BACKGROUND: Over a third of new HIV infections globally are among 15-24 year-olds and over 20% among adolescents aged 10-19 years in Asia Pacific. The review was initiated to identify interventions in the region with demonstrated or potential impact for adolescent and young key populations (YKP) looking at the role of individual and structural factors in accessibility and delivery. The review is a component of a more comprehensive review undertaken by UNICEF and partners in the region. METHODS:This was a desk review of over 1000 articles, and 37 were selected. …

  9. Investing in very young adolescents' sexual and reproductive health

    Very young adolescents (VYAs) between the ages of 10 and 14 represent about half of the 1.2 billion adolescents aged 10–19 in the world today. In lower- and middleincome countries, where most unwanted pregnancies, unsafe abortions, maternal deaths and sexually transmitted infections occur, investment in positive youth development to promote sexual and reproductive health (SRH) is increasing. Most interventions, though, focus on older adolescents, overlooking VYAs. …

  10. Effects of peer education on AIDS knowledge and sexual behavior among youths on national service and secondary school students in Nigeria

    Young persons are disproportionately affected by the impact of HIV in Nigeria. This paper presents findings from an evaluation of a national youth HIV prevention program designed to determine the effects of HIV prevention intervention (HPI) on Youths on Compulsory National Service (YoCNS) and Adolescents in Secondary Schools (AiSS). Data were collected from 229 YoCNS who received training on HIV prevention and 231 of their counterparts who did not. Among AiSS, data were collected from 909 respondents who were trained as peer educators and among 1005 students who were not. …

  11. Effective approaches for programming to reduce adolescent vulnerability to HIV infection, HIV risk, and HIV-related morbidity and mortality: A systematic review of systematic reviews

    Background: In 2012, an estimated 2.1 million adolescents were living with HIV. Though there are effective interventions to prevent and treat HIV infection, adolescents face specific barriers in accessing them. As a result, new infections and poor outcomes among HIV-infected adolescents are common. HIV programming for adolescents should focus on interventions of proven effectiveness and address underlying factors driving incidence and lack of effective treatment and care in this age group. …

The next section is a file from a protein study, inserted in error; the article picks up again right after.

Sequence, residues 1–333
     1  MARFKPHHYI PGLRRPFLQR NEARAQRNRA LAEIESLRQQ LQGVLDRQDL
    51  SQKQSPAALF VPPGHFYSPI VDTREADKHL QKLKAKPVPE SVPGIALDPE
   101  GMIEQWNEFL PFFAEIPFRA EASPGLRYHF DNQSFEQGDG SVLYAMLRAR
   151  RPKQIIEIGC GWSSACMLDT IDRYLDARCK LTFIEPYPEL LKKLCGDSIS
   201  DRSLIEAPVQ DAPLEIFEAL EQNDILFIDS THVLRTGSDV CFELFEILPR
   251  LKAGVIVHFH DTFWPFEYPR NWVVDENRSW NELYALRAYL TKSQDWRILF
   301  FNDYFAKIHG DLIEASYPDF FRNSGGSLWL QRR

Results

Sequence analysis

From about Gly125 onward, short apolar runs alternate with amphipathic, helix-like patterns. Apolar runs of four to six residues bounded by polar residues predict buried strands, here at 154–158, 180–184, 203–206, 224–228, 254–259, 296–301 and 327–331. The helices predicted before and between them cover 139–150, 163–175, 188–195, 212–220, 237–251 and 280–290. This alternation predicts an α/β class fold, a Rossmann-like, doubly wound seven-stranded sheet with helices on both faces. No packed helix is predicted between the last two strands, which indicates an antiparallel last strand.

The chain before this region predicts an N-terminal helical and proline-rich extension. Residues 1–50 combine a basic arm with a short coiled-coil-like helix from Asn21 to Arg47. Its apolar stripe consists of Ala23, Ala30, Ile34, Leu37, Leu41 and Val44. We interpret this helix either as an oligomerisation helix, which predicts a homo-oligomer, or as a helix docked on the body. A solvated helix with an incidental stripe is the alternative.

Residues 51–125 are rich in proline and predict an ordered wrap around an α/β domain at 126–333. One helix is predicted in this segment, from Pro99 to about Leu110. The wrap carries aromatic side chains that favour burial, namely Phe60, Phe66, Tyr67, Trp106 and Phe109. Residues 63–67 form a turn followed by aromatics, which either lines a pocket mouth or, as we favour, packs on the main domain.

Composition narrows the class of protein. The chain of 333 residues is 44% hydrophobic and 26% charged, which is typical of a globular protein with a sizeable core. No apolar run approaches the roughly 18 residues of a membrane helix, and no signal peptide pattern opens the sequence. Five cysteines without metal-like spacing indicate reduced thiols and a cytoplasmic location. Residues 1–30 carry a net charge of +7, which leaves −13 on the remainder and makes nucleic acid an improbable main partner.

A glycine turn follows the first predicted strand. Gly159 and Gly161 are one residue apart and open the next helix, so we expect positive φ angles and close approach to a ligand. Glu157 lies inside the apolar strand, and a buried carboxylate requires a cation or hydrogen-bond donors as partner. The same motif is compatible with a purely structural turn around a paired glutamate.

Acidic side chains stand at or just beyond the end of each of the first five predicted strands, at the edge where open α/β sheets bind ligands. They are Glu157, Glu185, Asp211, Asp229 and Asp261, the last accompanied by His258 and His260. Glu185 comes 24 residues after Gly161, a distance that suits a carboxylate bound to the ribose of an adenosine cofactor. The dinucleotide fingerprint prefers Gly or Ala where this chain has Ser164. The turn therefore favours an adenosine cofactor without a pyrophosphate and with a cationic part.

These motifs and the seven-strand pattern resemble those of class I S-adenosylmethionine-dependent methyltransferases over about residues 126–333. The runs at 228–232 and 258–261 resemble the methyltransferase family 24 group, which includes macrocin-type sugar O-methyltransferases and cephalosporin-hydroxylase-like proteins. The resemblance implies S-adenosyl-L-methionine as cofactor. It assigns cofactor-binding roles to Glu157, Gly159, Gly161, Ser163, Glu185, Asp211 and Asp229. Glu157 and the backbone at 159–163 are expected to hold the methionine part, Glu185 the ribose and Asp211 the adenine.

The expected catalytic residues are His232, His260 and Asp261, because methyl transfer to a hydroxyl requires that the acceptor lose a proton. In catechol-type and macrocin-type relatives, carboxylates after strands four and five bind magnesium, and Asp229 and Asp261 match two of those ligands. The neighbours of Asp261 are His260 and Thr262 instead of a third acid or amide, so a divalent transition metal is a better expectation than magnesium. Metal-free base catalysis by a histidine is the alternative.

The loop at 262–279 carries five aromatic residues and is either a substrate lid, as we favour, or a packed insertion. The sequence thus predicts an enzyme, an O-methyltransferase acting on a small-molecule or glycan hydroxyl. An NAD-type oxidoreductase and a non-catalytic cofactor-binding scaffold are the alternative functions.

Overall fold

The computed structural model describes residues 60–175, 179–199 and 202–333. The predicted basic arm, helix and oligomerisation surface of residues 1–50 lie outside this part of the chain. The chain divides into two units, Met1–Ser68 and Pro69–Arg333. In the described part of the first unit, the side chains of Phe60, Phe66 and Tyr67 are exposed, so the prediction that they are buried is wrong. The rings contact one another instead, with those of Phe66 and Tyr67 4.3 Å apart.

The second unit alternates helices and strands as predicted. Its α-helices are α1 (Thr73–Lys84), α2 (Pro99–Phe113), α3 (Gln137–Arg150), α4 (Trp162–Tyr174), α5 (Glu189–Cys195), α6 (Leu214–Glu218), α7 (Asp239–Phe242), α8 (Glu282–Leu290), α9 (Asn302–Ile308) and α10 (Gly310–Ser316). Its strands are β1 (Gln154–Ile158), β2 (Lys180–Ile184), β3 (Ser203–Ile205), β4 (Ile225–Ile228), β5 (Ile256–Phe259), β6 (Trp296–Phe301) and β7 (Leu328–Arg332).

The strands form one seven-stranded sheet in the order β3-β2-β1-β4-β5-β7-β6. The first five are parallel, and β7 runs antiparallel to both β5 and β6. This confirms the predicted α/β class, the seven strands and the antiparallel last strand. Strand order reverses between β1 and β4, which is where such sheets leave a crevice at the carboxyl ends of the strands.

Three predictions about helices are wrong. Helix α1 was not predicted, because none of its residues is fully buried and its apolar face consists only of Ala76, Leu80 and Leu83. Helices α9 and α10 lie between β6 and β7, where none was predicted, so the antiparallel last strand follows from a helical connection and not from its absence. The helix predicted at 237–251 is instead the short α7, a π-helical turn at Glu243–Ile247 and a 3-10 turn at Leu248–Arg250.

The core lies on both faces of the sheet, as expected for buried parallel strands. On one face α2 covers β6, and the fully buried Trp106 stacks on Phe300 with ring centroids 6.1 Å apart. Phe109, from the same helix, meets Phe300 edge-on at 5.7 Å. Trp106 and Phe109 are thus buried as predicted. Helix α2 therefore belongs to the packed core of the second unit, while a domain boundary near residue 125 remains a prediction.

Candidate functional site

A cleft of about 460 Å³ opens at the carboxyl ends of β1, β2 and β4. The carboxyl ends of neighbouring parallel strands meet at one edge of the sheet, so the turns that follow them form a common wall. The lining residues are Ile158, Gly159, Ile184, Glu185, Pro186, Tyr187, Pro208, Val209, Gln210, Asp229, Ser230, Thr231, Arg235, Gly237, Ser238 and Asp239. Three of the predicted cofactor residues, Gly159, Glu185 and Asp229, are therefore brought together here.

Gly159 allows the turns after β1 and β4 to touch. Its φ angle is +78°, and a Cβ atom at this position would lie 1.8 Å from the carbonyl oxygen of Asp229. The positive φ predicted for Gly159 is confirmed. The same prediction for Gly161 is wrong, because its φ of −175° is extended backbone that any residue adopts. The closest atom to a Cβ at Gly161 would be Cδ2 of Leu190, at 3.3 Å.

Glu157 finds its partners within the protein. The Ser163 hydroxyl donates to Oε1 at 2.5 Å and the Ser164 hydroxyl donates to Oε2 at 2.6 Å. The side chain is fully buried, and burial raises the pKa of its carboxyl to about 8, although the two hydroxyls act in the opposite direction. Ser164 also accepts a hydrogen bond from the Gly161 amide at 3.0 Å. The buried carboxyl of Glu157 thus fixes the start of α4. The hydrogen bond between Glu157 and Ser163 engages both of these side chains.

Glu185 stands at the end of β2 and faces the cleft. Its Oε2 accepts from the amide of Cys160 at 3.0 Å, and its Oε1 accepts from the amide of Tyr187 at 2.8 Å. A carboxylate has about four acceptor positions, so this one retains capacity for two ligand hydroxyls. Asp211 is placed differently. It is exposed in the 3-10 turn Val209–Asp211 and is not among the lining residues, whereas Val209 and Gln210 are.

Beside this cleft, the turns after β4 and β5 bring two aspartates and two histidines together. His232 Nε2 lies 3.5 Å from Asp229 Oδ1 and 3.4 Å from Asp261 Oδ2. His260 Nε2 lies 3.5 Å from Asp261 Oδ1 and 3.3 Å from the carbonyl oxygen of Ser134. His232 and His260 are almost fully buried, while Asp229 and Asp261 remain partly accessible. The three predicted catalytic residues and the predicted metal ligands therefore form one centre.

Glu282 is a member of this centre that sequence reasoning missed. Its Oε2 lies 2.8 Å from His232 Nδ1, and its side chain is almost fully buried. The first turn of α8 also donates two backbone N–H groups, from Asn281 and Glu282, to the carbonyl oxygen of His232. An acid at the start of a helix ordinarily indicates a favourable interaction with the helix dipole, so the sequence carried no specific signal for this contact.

12. Commentary: Innovations in Programming for HIV Among Adolescents: Towards an AIDS-Free Generation

    In the effort to halt and reverse the spread of HIV and AIDS among adolescents, public health and medical experts, moral and political authorities across the globe have implemented a combination of interventions. …

  13. Circle of life HIV/AIDS prevention for American Indian and Alaska native youth

    This article describes the objectives, theoretical bases, development process, and evaluation efforts to-date for the Circle of Life (COL) curricula, HIV/AIDS prevention interventions designed for American Indian and Alaska Native (AI/AN) youth. The curricula are based on Indigenous models of learning and behavior encompassing concepts of Western theories of health behavior change. The curricula underwent extensive national and community review. Subsequent advances include the development of a computer-based version of the intervention.

  14. Differences among male/female adolescents participating in a school-based teenage education program (STEP) focusing on HIV prevention in India

    With the rising threat of HIV in India, youth are an important group to reach for prevention education. This pilot study tested the efficacy of STEP (School-based Teenage Education Program focusing on HIV Prevention) for school children. This pilot study randomized 25 schools in Mumbai. …

  15. Parent-child communication about sexual and reproductive health in rural Tanzania: Implications for young people's sexual health interventions

    Background: Many programmes on young people and HIV/AIDS prevention have focused on the in-school and channeled sexual and reproductive health messages through schools with limited activities for the young people's families. The assumption has been that parents in African families do not talk about sexual and reproductive health (SRH) with their children. These approach has had limited success because of failure to factor in the young person's family context, and the influence of parents. …